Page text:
by WorldTribune Staff, June 5, 2016
On a 2013 visit to Pyongyang, former NBA star Dennis Rodman referred to North Korean leader Kim Jong-Un as “awesome” and a “friend for life.”
On a 1995 visit to Pyongyang, boxing legend Muhammad Ali, who passed away on June 3 at the age of 74, refused to bow to the Kim dynasty.
Reporting for Forbes, WorldTribune.com columnist Donald Kirk recounted the 1995 visit by Ali to what was called the “Sports and Culture Festival for Peace.”
“The Japanese wrestler Antonio Inoki had persuaded the Korean regime, then ruled by Kim Jong-Il, that a festival consisting of the type of pro-wrestling you see on TV in the U.S. and elsewhere in the decadent West would be just the thing for global prestige.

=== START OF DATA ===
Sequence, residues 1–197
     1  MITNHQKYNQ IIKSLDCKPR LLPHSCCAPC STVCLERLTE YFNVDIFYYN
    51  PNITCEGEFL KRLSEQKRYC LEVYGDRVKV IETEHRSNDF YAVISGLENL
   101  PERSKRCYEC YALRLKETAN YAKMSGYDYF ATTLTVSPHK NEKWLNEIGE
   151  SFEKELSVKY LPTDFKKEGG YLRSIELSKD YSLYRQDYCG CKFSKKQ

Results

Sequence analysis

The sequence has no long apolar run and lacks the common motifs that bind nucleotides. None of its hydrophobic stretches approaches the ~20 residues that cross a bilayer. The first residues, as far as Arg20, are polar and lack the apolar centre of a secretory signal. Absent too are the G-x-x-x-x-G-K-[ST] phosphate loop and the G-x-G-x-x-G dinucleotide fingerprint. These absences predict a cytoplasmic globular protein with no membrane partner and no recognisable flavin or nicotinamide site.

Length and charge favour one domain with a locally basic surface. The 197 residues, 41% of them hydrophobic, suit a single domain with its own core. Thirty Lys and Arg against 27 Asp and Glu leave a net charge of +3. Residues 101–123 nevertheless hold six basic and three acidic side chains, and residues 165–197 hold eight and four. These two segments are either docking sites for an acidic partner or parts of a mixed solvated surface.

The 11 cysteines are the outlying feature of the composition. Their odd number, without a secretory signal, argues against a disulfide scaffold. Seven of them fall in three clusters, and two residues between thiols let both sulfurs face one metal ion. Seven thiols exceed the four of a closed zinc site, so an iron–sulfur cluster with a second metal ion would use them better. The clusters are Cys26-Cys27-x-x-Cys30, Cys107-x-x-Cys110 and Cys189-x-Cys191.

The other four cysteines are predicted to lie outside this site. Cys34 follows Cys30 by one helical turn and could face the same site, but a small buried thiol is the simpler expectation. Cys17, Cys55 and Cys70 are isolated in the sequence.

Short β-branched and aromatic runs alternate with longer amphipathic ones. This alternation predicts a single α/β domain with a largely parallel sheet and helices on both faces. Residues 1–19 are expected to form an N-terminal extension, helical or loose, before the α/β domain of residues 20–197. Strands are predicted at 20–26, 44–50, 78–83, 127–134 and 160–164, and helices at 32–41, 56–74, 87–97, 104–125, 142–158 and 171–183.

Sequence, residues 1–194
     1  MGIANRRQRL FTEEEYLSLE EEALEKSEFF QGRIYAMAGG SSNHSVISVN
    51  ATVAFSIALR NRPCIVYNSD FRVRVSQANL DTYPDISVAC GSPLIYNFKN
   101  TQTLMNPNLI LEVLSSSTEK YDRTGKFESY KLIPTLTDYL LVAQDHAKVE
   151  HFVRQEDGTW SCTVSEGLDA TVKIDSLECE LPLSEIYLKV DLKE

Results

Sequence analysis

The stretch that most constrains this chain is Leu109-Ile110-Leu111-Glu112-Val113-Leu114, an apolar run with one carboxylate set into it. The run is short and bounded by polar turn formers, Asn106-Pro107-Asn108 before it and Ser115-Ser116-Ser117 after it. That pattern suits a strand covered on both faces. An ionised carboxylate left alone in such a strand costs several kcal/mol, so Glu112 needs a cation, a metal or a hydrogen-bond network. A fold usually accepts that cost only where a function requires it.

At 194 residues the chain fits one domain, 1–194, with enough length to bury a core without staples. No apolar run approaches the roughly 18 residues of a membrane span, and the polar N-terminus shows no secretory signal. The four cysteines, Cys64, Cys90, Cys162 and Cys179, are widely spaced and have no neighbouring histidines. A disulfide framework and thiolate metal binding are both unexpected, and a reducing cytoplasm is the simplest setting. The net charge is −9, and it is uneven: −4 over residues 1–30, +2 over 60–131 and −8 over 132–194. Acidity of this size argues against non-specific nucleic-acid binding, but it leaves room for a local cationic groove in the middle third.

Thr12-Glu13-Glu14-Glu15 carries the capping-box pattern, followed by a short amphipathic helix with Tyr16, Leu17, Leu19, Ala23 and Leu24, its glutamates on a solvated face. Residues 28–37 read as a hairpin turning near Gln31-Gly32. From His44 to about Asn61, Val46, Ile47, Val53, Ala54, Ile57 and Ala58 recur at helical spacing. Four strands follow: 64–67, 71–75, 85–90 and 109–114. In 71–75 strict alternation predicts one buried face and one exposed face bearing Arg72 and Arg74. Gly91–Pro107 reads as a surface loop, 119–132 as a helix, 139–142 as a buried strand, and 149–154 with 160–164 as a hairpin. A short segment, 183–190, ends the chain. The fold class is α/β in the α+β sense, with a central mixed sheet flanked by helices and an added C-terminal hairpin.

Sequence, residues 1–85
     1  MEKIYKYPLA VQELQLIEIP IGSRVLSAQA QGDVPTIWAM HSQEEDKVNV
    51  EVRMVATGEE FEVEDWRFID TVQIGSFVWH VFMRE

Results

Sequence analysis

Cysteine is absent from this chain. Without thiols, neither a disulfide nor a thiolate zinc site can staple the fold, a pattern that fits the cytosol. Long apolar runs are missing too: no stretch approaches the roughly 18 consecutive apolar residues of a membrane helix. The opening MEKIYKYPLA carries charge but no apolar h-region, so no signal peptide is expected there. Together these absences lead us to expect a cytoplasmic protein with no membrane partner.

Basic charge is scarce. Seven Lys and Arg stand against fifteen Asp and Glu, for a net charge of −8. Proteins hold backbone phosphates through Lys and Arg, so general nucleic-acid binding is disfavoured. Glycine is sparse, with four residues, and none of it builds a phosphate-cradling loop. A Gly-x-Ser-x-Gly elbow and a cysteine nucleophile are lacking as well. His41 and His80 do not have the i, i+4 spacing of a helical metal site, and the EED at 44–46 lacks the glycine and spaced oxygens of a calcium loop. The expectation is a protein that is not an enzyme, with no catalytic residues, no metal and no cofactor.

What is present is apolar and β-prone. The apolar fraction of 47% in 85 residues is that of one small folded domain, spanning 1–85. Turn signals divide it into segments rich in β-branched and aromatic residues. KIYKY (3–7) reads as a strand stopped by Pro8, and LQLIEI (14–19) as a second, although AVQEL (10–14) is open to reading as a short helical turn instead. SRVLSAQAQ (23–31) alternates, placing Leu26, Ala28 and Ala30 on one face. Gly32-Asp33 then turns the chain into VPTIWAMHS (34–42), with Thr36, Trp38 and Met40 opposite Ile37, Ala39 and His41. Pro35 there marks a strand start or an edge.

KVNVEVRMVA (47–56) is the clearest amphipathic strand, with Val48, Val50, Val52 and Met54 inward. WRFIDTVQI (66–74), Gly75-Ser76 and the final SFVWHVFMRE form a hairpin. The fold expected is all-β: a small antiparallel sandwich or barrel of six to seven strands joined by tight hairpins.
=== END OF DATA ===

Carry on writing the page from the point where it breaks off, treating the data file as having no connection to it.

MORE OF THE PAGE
“Muhammad Ali was up there in the stands, a guest of honor at the event that was witnessed, according to some reports, by 160,000 people each night.
“Unlike another celebrity athlete visitor, Dennis Rodman, invited to Pyongyang nearly 20 years later by Kim Jong-Il’s son and heir, Kim Jong-Un, Ali did not spout out words of praise. Later I learned that Inoki had talked him into going so he could watch the match between Inoki and the American wrestler Ric Flair. Inoki – and the Koreans – convinced Ali and Flair to be their guests after George Foreman and Hulk Hogan turned down invitations.”
Flair recounted the episode in a book, ‘Ric Flair: To Be the Man,’ written 12 years ago with Keith Greenberg and edited by Mark Madden.
“Because of the ravages of Parkinson’s disease, it was difficult to understand Muhammad Ali when he spoke,” Flair recalled. “But at one point we were sitting at a big round table with a group of North Korean luminaries when one of the guys started rambling on about the superiority of North Korea, and how they could take out the United States or Japan any time they wanted. Suddenly Ali piped up, clear as a bell, ‘No wonder we hate these mother f-s.’ ”